If seq24 is in one of your application menus, simply click on its name or icon to start the program. If you choose to launch seq24 from an xterm, you can run it with the --help option to view a list of other command-line options. Otherwise, enter seq24 at the xterm prompt to launch the program in its default state. When it starts you should see the screen shown in Figure 1.
Each bracketed area is a sequence container. Right-click within a container and select New from the popup menu to invoke the pattern sequence editor seen in Figure 2.
Let's look closely at the various parts of the pattern editor. The top strip includes an entry box for a sequence name, followed by drop-down selectors for meter and sequence length, displayed as bars. The next strip includes quantization settings for note start-time and duration, a zoom view control and settings for MIDI device target and output channels. The next strip contains the all-important Undo button, a toggle for the Tools menu, two controls for sequence key and scale type (major/minor) and a selector for a background sequence to be played while composing the current pattern.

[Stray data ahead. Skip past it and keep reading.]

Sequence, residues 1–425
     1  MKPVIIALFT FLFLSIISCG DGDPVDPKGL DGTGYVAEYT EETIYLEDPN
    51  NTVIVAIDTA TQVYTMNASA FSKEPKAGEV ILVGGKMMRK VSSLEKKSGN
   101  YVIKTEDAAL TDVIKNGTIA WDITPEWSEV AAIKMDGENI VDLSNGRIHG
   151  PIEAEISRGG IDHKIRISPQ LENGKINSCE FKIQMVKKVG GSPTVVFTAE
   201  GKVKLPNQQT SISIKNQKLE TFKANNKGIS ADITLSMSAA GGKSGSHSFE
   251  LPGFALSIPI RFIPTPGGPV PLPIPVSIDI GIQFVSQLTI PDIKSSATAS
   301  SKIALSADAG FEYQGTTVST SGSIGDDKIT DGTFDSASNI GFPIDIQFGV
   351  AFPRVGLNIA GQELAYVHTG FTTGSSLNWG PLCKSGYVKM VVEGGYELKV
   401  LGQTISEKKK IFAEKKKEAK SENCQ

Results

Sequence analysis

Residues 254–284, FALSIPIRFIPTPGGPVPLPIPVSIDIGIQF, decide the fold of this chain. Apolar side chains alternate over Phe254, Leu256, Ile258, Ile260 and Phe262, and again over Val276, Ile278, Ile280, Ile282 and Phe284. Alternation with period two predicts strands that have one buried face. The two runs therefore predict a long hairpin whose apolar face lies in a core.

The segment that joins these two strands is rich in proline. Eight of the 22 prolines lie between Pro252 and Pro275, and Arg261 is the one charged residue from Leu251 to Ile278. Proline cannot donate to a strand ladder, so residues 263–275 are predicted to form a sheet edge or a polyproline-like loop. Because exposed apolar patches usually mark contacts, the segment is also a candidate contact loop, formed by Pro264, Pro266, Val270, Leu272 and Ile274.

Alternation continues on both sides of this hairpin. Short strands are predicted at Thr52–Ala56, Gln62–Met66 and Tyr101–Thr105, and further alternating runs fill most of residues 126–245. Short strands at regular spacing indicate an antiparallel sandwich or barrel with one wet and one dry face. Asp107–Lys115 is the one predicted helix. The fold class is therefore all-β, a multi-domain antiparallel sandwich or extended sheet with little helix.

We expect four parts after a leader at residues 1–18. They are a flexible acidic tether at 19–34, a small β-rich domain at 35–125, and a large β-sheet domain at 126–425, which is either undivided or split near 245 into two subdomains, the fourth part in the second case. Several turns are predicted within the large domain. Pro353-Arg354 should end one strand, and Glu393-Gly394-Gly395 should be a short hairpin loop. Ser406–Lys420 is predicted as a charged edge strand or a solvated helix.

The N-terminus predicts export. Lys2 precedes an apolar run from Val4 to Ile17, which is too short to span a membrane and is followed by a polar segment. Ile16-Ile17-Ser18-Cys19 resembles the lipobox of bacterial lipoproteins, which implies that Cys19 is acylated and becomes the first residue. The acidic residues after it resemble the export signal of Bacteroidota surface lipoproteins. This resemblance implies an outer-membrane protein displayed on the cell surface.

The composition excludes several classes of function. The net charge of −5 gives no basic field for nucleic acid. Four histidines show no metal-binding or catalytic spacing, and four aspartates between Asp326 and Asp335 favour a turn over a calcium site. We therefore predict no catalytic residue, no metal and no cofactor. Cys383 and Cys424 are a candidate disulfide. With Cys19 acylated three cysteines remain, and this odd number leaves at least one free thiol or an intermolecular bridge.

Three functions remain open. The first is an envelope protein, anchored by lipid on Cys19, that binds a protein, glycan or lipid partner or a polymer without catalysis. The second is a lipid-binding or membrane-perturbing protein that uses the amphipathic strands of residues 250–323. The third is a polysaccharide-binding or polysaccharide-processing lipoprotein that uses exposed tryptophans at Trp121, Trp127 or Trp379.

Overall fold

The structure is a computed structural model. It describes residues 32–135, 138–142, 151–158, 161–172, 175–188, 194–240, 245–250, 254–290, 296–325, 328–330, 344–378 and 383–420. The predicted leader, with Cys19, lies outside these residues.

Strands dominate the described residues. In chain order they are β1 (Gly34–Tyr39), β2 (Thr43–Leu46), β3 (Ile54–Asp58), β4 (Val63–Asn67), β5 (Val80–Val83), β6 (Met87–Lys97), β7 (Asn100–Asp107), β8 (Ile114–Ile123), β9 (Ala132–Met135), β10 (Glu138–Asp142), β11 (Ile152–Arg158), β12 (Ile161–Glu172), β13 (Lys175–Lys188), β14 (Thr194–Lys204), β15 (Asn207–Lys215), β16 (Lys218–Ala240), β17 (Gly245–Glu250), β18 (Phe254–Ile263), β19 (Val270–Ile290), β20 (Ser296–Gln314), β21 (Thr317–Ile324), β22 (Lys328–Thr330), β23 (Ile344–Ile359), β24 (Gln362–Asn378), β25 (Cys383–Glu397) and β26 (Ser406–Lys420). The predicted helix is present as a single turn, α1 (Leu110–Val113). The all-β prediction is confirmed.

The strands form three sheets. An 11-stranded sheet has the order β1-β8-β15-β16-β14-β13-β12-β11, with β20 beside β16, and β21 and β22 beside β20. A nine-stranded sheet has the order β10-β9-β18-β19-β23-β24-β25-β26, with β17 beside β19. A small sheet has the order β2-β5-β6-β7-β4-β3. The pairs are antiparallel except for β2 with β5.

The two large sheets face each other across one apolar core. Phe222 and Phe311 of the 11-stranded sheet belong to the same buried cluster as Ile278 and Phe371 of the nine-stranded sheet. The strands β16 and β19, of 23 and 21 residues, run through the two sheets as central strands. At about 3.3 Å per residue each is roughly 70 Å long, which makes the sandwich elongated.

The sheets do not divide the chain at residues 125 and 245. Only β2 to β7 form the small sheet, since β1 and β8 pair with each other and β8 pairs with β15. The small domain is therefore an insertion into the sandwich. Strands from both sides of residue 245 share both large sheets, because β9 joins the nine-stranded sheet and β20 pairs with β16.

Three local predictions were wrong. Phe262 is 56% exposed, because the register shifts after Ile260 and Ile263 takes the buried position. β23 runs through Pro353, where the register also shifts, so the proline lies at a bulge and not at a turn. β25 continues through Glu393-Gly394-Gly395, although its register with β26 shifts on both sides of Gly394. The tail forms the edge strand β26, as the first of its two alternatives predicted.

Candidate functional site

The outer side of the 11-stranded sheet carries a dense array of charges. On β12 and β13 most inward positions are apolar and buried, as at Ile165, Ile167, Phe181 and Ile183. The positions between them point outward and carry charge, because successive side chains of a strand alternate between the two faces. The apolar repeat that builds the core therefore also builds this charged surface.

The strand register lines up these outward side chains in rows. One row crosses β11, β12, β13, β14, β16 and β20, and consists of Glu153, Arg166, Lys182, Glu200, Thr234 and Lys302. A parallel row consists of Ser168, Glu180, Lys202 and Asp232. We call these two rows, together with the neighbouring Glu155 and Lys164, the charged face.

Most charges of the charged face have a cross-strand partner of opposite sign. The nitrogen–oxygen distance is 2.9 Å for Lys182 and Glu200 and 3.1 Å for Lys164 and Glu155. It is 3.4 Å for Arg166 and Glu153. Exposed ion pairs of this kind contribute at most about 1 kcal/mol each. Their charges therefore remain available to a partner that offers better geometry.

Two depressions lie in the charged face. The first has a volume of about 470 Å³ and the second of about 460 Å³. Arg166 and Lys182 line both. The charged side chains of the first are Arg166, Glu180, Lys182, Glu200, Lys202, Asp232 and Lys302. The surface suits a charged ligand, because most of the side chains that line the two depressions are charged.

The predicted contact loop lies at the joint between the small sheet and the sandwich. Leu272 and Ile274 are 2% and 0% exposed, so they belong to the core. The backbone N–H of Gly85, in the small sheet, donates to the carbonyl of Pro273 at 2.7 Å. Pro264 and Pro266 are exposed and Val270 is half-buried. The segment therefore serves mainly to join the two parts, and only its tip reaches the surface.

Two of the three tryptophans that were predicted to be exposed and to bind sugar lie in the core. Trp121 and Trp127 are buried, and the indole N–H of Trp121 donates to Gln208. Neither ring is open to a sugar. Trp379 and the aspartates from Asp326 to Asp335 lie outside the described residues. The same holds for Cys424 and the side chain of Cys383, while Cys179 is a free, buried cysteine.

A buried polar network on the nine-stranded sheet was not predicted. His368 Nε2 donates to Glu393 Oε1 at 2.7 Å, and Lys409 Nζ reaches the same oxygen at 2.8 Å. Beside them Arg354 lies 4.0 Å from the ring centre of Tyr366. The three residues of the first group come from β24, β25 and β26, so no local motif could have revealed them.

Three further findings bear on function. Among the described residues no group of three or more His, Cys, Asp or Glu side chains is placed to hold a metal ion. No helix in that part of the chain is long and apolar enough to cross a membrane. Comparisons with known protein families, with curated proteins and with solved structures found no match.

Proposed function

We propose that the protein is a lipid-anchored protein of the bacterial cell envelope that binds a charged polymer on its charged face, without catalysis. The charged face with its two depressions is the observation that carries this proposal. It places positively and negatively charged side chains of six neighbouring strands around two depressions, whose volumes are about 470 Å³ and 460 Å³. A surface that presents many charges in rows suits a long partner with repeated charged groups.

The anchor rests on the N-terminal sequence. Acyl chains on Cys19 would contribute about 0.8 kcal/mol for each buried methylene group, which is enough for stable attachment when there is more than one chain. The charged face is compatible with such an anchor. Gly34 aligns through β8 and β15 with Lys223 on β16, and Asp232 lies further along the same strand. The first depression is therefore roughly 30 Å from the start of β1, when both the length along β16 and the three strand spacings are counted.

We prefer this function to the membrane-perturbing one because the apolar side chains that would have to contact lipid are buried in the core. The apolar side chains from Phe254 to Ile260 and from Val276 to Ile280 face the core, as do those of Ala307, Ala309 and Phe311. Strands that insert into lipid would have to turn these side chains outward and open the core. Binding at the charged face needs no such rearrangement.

In the event entry grid you can enter, delete and edit note events in a familiar piano-roll display, where the vertical axis represents pitch and the horizontal axis represents time. Notes can be selected individually or in groups, and the few edit procedures include some quantizing and transposition options. By the way, the Snap-to setting applies to edit groups as well as to individual notes.
The blank area under the grid is dedicated to controller and velocity editing. The strip beneath that area offers an event selector for the controller edit area and three buttons for defining the MIDI I/O for the pattern. Don't worry if you can't immediately recall all these features; seq24 provides informative tooltips for almost every aspect of its interface.
It's time to record something with seq24. After opening a new pattern, I select its MIDI output destination and click on the third MIDI I/O button in the lower right to record incoming MIDI data. I hit the Play button on the seq24 main screen, play some notes on my MIDI keyboard and behold, I've recorded a new pattern into seq24. Next, I perform a little quantization by selecting a group of notes and applying the quantization function from the Tools menu. I then do a little velocity editing by clicking right or left within the controller edit area and dragging an edit line to shape the displayed values. Figure 3 displays the results so far.